Published on 5th/06/2022
As the world commemorates World Environment Day, we raise our voices to re-echo this year’s theme – “We only have one earth”. The OnlyOneEarth campaign calls for collective, transformative action on a global scale to celebrate, protect and restore our planet. At Regenerate Africa, this is at the crux of our beliefs and activities. We believe that there is only one earth, and hence all our actions should reflect the most fundamental principles of ensuring the earth’s ecosystem’s protection. Like Sir David Attenborough says in the Our Planet Documentary, ‘if we take care of nature, nature will take care of us.’ As such, development endeavours from agriculture, industry, infrastructure, natural resource exploitation, energy development, technological advancements and all other social and economic activities should be cognizant that there is only one earth. According to the 1987 Brundtland Report, sustainable development is ‘development that meets the needs of the present generations without compromising the ability of the future generations to meet their own needs.’ The future generations are not here to protect their interests; it thus falls on the current generations to be mindful of the coming generation – we are both relying on one earth to sustain our vast needs.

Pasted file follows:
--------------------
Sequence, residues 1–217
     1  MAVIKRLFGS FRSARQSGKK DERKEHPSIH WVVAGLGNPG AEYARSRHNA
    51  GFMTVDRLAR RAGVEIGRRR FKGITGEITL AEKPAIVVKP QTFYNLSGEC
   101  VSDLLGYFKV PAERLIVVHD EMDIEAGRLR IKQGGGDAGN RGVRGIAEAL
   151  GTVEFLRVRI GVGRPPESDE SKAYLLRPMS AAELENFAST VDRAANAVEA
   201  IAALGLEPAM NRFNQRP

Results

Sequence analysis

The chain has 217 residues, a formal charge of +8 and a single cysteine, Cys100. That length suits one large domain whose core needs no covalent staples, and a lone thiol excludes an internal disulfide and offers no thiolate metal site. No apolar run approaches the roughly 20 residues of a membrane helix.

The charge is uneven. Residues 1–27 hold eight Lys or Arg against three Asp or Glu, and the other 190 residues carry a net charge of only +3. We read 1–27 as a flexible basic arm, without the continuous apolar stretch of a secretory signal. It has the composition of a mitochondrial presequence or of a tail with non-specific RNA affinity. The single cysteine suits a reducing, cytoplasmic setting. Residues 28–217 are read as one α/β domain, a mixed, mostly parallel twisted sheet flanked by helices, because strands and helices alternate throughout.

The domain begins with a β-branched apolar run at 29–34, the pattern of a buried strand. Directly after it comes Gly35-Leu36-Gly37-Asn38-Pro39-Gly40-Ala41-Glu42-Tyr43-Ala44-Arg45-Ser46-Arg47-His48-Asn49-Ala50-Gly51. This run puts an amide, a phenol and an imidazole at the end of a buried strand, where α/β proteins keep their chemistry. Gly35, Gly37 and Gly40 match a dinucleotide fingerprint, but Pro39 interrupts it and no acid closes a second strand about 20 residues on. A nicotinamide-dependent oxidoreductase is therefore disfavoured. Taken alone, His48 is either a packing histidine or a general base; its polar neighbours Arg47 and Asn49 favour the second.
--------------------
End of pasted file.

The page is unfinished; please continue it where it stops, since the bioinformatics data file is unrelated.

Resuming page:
Today, the world faces many calamities and challenges affecting the quality of life for both humans and biodiversity. Most of these are from the mess we have created with nature, such as overexploitation of natural resources, climate change, environmental pollution, and destruction of the natural environs in a quest for ‘development’. The Living Planet Index, 2020 reported a 65% decline in population sizes of mammals, fish, amphibians and reptiles, while 43% of wetlands in Africa have been lost. Degradation alone affects up to 65 of Africa’s fertile land, and desertification affects 45 of the continent’s geographical area. Over three million hectares of Africa’s forests are lost every year, resulting in a 3% drop in GDP due to soil and nutrient depletion. The Water Resource Institute also notes that approximately 400 million in Sub-Saharan Africa (SSA), while the International Energy Agency estimates 77% of the people in SSA alone lack access to electricity. Therefore, there is a need to balance social and economic development agendas within the realms of environmental protection. These challenges are now more amplified due to the Covid-19 pandemic, from which the world is trying to recover. How do we protect the earth then?